Neiman Marcus goes bankrupt, idled by virus and crushed by debt
Neiman Marcus Group Inc. filed for bankruptcy after efforts to manage its crushing debt load unraveled amid the spreading coronavirus pandemic.
The Chapter 11 filing in Texas gives the Dallas-based luxury retailer a break on its debts by letting it stay in business while management works out a recovery plan. Any turnaround will be complicated by the fact that its stores were shut and its workers furloughed to help stop the spread of the Covid-19 outbreak. Most of its workers were sent home in April.
Neiman Marcus manages more than 40 namesake stores across the U.S., two Bergdorf Goodman stores in Manhattan, two dozen Last Call locations and a Mytheresa in Germany. The latter is a brick-and-mortar version of its fast-growing Mytheresa online merchant.
Most of the company’s department store rivals also suspended operations because of the virus, at a time when the whole industry was already ground down by years of shopper defections to online merchants.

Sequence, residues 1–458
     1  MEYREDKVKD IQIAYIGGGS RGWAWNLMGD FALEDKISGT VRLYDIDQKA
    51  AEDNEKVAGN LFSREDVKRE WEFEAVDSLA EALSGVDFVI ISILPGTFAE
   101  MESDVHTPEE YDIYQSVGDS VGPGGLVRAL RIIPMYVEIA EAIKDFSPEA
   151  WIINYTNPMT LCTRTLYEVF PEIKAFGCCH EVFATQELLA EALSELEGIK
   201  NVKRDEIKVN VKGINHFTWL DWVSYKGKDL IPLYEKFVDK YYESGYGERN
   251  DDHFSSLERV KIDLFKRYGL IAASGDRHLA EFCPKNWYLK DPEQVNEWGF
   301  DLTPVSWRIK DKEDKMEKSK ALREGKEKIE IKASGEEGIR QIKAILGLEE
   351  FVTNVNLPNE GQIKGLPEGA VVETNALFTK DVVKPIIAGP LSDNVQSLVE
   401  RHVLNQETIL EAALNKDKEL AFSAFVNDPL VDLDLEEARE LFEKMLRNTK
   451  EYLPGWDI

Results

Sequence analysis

Neiman Marcus has been trying to simultaneously spend more on luring customers while taming its debt load, with mixed success. Borrowings ballooned after its 2013 leveraged buyout to Ares Management Corp. and the Canada Pension Plan Investment Board. The company reached a deal with creditors last year that put off the due dates on some of its debt to buy time for a turnaround.
It also shuffled Mytheresa to a place in its capital structure that put the business beyond the reach of creditors, creating hard feelings with some bondholders that still linger.
The chain “has struggled for years to adapt among ongoing secular changes facing the department store sector, a circumstance that has deteriorated because of the operation disruptions from the coronavirus and recessionary conditions,” S&P analyst Mathew Christy wrote in an April 22 report.